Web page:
And when God gets angry He sets about making things right. “The Lord saw it, and it displeased him that there was no justice. He saw that there was no man, and wondered that there was no one to intercede; then his own arm brought him salvation, and his righteousness upheld him” (Isaiah 59:15b-16) Jesus got angry and He healed a man (Mark 3:5).
If God gets angry, if God’s very best friends in Scripture got angry with Him, it must be OK for us to do the same.
There’s a significant difference between shaking your fist at God, demanding He do things in the time and way you dictate, and bringing your anger to Him. That’s what God’s friends in Scripture did with their anger; they brought it to God. All the Scriptures we listed are of God’s friends expressing their deep frustration, pain, anger to Him.
That’s what you do with your anger, including your anger at God.
Bringing Your Anger to God
Many Christians have gotten the idea that somehow you’ve got to get your act together and feel all calm and righteous before you come into God’s presence. That might not have been said explicitly, but your heart has somehow embraced that idea.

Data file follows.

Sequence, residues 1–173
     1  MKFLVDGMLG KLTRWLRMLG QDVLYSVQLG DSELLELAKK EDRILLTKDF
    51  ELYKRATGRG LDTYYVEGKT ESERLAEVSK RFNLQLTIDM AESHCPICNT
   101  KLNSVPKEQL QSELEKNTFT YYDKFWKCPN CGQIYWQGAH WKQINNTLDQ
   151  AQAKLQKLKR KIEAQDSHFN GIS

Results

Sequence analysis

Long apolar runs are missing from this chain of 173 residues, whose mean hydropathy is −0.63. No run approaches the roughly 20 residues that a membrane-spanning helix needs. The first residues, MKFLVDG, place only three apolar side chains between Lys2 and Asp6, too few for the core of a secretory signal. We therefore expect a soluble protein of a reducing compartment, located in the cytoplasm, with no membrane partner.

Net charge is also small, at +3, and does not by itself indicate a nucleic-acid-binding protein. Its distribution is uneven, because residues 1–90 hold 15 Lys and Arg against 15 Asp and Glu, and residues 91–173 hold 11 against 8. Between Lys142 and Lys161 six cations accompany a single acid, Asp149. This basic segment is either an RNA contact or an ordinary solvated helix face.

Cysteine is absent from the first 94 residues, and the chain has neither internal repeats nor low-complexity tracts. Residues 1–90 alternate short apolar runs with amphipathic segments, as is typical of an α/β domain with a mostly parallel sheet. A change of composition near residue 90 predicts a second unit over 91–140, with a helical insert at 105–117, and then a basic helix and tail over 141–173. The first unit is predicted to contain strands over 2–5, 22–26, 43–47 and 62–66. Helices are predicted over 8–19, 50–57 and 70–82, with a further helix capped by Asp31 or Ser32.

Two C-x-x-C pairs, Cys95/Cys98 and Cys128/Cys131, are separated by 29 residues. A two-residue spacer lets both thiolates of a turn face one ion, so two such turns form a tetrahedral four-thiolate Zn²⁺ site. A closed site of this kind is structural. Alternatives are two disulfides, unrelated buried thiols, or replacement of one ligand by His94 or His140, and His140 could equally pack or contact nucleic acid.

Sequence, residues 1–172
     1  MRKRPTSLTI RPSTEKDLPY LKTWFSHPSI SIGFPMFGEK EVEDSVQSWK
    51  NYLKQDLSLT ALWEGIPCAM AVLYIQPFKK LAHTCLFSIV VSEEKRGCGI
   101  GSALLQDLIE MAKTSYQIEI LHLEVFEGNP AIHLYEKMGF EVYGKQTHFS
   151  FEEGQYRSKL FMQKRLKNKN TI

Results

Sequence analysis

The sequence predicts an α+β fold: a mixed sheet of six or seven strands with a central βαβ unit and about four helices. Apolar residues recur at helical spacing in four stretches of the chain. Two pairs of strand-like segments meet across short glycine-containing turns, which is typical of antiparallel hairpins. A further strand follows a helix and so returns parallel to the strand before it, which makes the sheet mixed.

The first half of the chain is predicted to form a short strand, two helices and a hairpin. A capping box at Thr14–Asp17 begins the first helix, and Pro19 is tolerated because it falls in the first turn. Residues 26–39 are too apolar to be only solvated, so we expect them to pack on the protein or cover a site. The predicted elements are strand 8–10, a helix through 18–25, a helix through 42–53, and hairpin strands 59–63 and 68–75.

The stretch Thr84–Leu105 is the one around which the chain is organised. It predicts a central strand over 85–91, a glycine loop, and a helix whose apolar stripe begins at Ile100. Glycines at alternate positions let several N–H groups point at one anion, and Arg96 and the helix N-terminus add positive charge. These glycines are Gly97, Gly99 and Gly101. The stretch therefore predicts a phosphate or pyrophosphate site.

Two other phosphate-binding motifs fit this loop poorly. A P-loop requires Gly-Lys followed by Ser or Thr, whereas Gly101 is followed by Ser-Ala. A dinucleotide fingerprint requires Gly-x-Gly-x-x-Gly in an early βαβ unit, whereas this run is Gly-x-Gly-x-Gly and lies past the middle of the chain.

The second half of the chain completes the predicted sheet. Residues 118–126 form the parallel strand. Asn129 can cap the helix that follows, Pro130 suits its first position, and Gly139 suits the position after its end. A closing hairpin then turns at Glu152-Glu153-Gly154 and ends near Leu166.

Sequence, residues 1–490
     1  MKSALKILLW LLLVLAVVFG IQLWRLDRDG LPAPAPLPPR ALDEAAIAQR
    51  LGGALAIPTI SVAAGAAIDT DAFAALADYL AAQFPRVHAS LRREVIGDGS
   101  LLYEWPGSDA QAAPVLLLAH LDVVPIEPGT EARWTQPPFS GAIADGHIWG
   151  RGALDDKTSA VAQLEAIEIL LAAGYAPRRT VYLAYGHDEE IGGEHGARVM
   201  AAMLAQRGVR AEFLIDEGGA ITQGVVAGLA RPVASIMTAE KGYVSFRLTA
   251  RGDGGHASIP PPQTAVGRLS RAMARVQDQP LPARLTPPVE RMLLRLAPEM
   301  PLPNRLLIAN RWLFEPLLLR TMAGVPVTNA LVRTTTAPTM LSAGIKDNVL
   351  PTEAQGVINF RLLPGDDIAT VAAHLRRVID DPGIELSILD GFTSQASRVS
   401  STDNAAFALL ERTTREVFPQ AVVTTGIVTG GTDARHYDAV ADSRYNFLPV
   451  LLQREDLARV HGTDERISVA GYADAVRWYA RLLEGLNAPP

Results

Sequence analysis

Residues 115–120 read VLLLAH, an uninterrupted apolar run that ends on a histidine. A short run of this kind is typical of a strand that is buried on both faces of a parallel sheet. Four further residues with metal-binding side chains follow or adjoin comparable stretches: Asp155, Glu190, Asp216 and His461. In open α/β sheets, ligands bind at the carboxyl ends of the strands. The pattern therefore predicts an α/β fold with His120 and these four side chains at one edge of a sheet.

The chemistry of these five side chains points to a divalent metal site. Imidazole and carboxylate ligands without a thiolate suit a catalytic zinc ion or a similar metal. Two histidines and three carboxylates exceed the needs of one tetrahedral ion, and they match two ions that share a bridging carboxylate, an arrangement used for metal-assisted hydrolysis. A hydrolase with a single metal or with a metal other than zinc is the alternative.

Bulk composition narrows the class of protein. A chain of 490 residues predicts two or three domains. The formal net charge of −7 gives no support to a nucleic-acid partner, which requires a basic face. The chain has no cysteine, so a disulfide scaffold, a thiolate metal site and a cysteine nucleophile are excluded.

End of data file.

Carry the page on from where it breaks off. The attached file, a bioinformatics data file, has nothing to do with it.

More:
But that’s not what these examples from Scripture show.
If you’re a parent, don’t you want your children to bring their angst to you? Think of when your child was (or is) a toddler. They’re upset, really upset. You want them to run into your arms; it honors you when they do. And if they don’t you might pick them up anyway. They may start pounding on your chest with their fists, kicking and screaming. It may take some time for your child to become calm and allow your presence to comfort them.
That’s how we can approach God. It honors Him when we bring our angst to Him, even our anger at Him. His shoulders are big enough to handle it. Your anger won’t make Him turn away or leave you.
So go ahead and express your anger to God. Go outside and yell at the sky. Throw rocks if you need to. Pound your bed with your fists. Let the tears flow. Journal the words you’d like to say to Him. Imagine doing that in God’s presence. Bring your anger to Him.
And then don’t run away. Usually your emotional wave will crest and your internal noise will diminish. When that happens stay in His presence a little longer. As your soul becomes still, that’s when you become able to hear His voice.
A helpful Bible study would be to take the passages of Scripture mentioned above from Exodus, Psalms, Habakkuk, and John, and read the following paragraphs. When God’s best friends bring their anger to Him God says, “Now just watch what I’m going to do.” It will usually be different than you thought you wanted. But He’s still there.
And most of all, God Himself becomes the Answer to your questions. That’s what your soul needs most.
Your Turn: What do you do when you feel angry at God? What might it look like to follow the Biblical examples and bring your anger to Him? Leave a comment below.